Without Saying A Word, This Teen Made An Emotional Plea For Peace In India And Pakistan

#ProfileForPeace

A 19-year-old girl from India called for peace with Pakistan in a moving Facebook video on Thursday. She lost her father in the Kargil War.

"I was two years old when he died," Gurmehar Kaur wrote on a poster in the video. "I have very few memories of him. I have more memories of how it feels to not have a father."

The 1999 Kargil War between India and Pakistan occurred in the district of Kashmir over a boundary dispute at the Line of Control, a de facto border. Each side lost over 500 soldiers. One of the casualties was Kaur's father, Captain Mandeep Singh.

Kaur says that she resented Pakistanis and Muslims as a child. At age 6, she says she attempted to stab a Pakistani woman in a burka she viewed as "responsible" for her father's death before her mother held her back.

Kaur eventually realized that the real culprit behind her father's death was not Pakistan, but war itself.

"Today, I am a solider too just like my dad," Kaur wrote in the video. "I fight for peace between India and Pakistan."

She reached out to activist Ram Subramanian to produce the video. According to The Times of India, Subramanian chose not to speak and to instead use posters to tell the video's story because "it would be more impactful if the people heard the message in their own voice."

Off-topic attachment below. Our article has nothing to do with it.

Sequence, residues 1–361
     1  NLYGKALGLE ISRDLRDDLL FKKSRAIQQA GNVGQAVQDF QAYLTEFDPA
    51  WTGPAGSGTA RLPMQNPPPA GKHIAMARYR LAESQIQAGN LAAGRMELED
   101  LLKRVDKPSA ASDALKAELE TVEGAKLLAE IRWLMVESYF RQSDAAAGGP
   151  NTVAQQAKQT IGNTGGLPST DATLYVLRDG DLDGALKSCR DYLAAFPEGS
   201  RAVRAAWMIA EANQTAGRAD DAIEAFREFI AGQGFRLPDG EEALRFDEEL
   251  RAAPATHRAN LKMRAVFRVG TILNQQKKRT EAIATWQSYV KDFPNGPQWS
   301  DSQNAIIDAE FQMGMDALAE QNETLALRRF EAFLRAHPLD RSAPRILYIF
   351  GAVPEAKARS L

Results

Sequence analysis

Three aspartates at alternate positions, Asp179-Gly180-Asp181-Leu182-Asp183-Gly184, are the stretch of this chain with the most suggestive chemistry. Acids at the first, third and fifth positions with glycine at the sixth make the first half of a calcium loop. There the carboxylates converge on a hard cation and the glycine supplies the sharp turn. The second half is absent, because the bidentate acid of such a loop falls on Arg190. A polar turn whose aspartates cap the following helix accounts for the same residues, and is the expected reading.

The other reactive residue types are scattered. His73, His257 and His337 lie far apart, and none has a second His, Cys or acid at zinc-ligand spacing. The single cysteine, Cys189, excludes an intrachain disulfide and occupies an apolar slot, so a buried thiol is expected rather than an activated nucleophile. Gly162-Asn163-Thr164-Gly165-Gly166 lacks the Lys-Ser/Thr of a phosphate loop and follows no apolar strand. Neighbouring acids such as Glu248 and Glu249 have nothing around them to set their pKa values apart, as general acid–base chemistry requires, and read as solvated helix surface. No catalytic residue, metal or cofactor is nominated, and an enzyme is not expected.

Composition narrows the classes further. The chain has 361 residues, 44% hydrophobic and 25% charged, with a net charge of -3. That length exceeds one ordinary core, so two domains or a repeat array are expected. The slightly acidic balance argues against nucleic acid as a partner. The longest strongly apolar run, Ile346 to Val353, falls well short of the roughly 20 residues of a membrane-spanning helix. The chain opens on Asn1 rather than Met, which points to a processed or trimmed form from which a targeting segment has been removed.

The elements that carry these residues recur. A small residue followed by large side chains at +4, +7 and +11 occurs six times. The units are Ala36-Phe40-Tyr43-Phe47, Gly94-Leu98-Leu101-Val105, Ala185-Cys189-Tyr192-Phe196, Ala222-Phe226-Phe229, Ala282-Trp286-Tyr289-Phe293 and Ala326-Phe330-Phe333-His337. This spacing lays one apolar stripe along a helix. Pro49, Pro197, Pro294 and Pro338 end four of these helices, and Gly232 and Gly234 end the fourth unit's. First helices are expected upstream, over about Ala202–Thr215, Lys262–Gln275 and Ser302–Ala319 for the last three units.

In the video, Kaur called upon the governments of India and Pakistan to end the "hatred" and to work together towards peace. Since the Kargil War, there have been three further border incidents between the nations with no resolution.

"If this keeps going on, both the nations will end up destroying each other," Kaur told The Times of India. "If there is peace and no situation of war arising, all the funds that would've been used for the war would be used for development of the countries. The funds could be used for educating children, building schools, empowering women, building infrastructure, creating employment... The possibilities here are endless."